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Press release

Less than 20% of those diagnosed with a brain tumour survive beyond five years

Spider-Man mask will give little Harry superpowers as he battles brain tumour

Spider-Man mask will give little Harry superpowers as he battles brain tumour

A six-year-old boy diagnosed with a potentially lethal brain tumour is undergoing treatment dressed as Spider-Man, his favourite superhero.

Harry St Ledger has a very rare type of tumour similar to a diffuse intrinsic pontine glioma (DIPG) which has an unbearably stark prognosis and very limited treatment options.

The little boy, from Portchester, has had a radiotherapy mask decorated with the features of Spider-Man and will wear it as his treatment gets underway at University College Hospital, London, today (Wednesday 14th March). Harry and his mum Fiona Lear, 46, will stay in London while he has treatment five days a week for six weeks.

Fiona said: “This may well be the only treatment option open for us and we know that not all children respond. After that the pathway is, sadly, one of rapid deterioration and the average survival time after diagnosis is just nine to 12 months. At this stage we cannot begin to think what may lie ahead if this doesn’t work.”

Harry and his businessman dad Cairan St Ledger, 31, who runs HSL Outdoor Cleaning, are avid Pompey fans and season ticket holders. They were at Fratton Park at the weekend and the family has had “wonderful” support from the club with a home visit from Harry’s favourite players Conor Chaplin and Kal Naismith.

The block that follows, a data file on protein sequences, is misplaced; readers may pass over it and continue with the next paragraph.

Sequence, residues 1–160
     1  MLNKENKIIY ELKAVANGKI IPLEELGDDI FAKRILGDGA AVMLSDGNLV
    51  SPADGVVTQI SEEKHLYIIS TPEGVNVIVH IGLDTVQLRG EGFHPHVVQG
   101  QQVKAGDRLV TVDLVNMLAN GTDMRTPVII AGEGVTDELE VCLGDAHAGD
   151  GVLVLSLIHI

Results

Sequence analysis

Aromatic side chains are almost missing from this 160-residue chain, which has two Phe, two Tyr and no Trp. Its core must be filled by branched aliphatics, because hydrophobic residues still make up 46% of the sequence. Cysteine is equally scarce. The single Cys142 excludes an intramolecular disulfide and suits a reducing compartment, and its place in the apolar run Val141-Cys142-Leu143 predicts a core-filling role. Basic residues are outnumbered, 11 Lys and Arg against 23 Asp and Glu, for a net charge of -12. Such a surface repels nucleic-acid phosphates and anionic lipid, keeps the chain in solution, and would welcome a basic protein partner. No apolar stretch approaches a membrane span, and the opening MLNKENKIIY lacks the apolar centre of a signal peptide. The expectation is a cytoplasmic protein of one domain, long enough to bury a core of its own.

The little boy who, along with sister Emonie, eight, is a pupil at Castle Primary School, was diagnosed last week after being struck down by an ear infection early in the New Year. An MRI scan prior to what should have been a straightforward procedure to fit a grommet in his ear revealed an anomaly in his brain. Harry – know to his family as Harryboy – was originally treated at Queen Alexandra Hospital at Cosham and then at Southampton General Hospital. But his radiotherapy will have to take place in London and the family believes this is because of a shortage or radiographers locally. Harry has autistic spectrum disorder (ASD) and finds it hard to communicate with others and his family face the additional agony that this may complicate his treatment, particularly as he will be away from his familiar home environment.  

Fiona said: “I am shocked to learn that brain tumours are the biggest cancer killer of children and adults under the age of 40, yet so many people still think it is leukaemia which is killing more of our precious children than any other form of this hideous disease. I am angry to think that Harry will have to live away from the security and comfort of his own home during treatment as being able to sleep in his own bed and have his own things around him every night would be such a comfort. I am frightened to think of what lies ahead, of what affect the radiotherapy will have on him, of how he will feel dreadfully sick yet extremely hungry due to the steroids which he must take to control the swelling in his brain.”

Harry’s family are working with the national charity Brain Tumour Research which funds a network of Centres of Excellence, including its flagship at the University of Portsmouth, where scientists are focused on improving treatment options and, ultimately, finding a cure for brain tumours.